This essay focuses on the representational relationship between disability and Islamic fundamentalism in select contemporary postcolonial literary texts by Arab authors. The essay draws mainly on critical disability theory on the concept of prosthesis to argue that disability functions as a narrative and emotional prosthesis to narratives on Islamic fundamentalism at the same time as it lays bare this very process of instrumentalisation. To this end the essay asks: What are the privileged affects that attach themselves to representations of disability in fictions of Islamic fundamentalism? How do textual and affective prostheses emerge out of, or feed back into, Islamist contexts, worldviews and subjectivities? Finally, in what ways do the narratives under analysis uphold, lay bare or dismantle such prosthetic functions of the disabled body? In particular, this essay focuses on three specific prostheses of disability in the texts: conversion narratives, contemporary histories of Islamic fundamentalist violence and the figure of the disabled Islamist.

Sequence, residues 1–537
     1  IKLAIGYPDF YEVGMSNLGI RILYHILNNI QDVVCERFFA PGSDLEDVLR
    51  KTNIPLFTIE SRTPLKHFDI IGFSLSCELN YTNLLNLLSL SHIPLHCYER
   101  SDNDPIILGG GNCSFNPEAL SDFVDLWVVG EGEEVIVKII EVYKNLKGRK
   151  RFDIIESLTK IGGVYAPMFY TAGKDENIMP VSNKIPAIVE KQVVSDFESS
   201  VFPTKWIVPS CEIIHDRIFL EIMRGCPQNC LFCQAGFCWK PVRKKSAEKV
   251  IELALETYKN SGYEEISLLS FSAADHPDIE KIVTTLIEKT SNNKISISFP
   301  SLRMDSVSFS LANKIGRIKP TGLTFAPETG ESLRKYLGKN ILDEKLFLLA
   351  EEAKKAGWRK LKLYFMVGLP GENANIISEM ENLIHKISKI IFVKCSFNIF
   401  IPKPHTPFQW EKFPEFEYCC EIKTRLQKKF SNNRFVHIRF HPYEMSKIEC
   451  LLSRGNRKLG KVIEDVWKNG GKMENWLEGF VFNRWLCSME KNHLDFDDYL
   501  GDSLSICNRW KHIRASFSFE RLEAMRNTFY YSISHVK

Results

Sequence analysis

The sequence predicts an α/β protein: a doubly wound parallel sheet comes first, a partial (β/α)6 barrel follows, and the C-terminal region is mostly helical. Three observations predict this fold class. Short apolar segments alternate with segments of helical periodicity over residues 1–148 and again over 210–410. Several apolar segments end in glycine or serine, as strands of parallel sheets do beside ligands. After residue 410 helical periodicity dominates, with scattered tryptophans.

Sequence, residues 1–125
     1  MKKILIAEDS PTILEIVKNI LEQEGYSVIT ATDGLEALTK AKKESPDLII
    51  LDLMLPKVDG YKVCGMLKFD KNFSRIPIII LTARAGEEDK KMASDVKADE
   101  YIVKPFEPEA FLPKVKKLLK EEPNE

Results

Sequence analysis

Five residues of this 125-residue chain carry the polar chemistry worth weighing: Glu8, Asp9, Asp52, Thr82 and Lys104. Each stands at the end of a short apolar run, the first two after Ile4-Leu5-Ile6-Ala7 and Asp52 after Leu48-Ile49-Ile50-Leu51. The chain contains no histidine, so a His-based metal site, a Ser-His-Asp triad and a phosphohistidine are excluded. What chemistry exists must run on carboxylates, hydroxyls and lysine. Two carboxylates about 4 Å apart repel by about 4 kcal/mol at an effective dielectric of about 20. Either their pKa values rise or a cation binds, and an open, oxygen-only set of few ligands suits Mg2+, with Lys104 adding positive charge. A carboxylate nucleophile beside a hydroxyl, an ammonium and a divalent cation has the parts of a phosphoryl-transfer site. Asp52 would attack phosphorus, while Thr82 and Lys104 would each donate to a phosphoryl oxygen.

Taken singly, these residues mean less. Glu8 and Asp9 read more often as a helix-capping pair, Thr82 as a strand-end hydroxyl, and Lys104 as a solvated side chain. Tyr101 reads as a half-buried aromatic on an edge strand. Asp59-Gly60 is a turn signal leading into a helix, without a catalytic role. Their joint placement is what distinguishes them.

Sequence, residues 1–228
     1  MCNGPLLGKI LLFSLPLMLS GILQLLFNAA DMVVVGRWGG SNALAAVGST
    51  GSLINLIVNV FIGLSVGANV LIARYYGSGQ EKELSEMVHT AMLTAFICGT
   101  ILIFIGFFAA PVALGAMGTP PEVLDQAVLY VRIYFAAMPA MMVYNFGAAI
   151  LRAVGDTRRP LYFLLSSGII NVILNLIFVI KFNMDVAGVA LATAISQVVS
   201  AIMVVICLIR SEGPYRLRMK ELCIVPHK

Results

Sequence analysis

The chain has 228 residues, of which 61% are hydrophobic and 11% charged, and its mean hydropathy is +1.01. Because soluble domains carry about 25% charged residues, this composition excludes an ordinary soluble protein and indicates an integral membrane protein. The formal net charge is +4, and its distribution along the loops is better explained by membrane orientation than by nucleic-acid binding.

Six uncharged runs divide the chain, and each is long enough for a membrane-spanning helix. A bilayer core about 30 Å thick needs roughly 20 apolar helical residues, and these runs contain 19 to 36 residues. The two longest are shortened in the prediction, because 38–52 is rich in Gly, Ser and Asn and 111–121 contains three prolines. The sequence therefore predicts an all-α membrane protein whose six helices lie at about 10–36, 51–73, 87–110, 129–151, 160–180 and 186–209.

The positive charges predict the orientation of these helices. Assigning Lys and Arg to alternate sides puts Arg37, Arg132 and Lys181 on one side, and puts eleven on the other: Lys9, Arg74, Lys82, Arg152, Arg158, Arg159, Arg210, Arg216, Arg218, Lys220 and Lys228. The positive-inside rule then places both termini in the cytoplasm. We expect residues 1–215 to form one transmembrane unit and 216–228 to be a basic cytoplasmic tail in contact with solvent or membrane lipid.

Hamdar, A. (in press). Prostheses of disability: Islamic fundamentalism and the disabled body in postcolonial Arab fiction. Medical Humanities, https://doi.org/10.1136/medhum-2022-012516